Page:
Lethal injection was adopted by Oklahoma in 1977 as a more humane option than other methods of capital punishment, such as electrocution, chemical asphyxiation, hanging and firing squad. However, HRW found that the Oklahoma medical examiner who developed the three-drug regimen currently used by most states had no expertise in pharmacology or anesthesia.
Since then, 37 states have started using lethal injection to execute felons, and in at least 19 states the method is the only legal form of capital punishment. Lethal injection killed every death row victim in 2005.
"Drawing on its own research and that of others, Human Rights Watch has found no evidence that any state seriously investigated whether other drugs or administration methods would be â€˜more humaneâ€™ than the protocol it adopted," wrote the reportâ€™s authors.
â€œThe issue for us really is not the question of how we kill our prisoners, but that we do it at all.â€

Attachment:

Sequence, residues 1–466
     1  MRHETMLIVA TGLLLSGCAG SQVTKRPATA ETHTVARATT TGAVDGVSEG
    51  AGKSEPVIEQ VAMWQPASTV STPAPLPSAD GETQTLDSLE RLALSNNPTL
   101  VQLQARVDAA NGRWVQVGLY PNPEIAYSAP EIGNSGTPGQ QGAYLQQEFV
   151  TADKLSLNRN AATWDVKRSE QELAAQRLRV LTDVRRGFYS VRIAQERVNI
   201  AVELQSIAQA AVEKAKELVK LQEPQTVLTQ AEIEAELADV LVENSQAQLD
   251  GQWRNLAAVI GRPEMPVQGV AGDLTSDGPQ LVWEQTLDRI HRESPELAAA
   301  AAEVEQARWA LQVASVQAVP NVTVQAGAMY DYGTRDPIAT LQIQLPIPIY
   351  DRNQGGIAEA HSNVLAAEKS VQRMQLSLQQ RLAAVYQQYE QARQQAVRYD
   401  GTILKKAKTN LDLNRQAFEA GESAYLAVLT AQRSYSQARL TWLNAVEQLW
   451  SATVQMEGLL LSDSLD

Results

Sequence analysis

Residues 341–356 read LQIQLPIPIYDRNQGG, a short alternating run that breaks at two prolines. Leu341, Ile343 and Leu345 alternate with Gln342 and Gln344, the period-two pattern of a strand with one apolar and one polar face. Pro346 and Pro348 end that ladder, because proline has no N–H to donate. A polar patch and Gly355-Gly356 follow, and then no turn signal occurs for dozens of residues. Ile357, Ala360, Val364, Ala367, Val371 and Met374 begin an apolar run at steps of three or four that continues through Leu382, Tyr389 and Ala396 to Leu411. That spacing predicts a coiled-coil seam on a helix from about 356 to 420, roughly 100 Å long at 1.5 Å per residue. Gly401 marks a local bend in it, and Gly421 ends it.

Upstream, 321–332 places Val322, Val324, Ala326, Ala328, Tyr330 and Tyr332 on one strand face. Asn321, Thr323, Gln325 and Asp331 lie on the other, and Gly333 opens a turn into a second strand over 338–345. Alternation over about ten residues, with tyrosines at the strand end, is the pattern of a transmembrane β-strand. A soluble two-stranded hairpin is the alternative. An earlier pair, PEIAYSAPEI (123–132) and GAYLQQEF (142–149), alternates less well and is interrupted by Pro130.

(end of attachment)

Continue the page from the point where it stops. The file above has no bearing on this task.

The report details how the three drugs are supposed to work in tandem, first killing pain, next immobilizing the inmate and finally stopping the victimâ€™s heart.
But without proper administration of the initial anesthetic, the two chasers â€“ pancuronium bromide and potassium chloride â€“ could cause prisoners to feel suffocation and a fiery pain coursing their veins, according to the report. Critics are concerned that the anesthesia â€“ which like the rest of the process is never performed by a licensed physician, let alone an anesthesiologist â€“ is often mishandled.
In their study, HRW researchers found evidence in multiple states that executed people may have felt that pain.
For instance, John Daniels, who North Carolina executed on November 14, 2003, suddenly started to convulse." The account says Daniels sat upright, and "witnesses could hear him gagging through the glass that separated him from them. After laying down again for a brief time, he sat up, gagged, and choked, while his arms appeared to be struggling underneath the sheet covering him."
Challenging the three-drug protocol in court, the American Civil Liberties Union has argued that the second drug, which paralyzes voluntary muscles, may be acting as a "chemical curtain," hiding whether the inmate is suffering.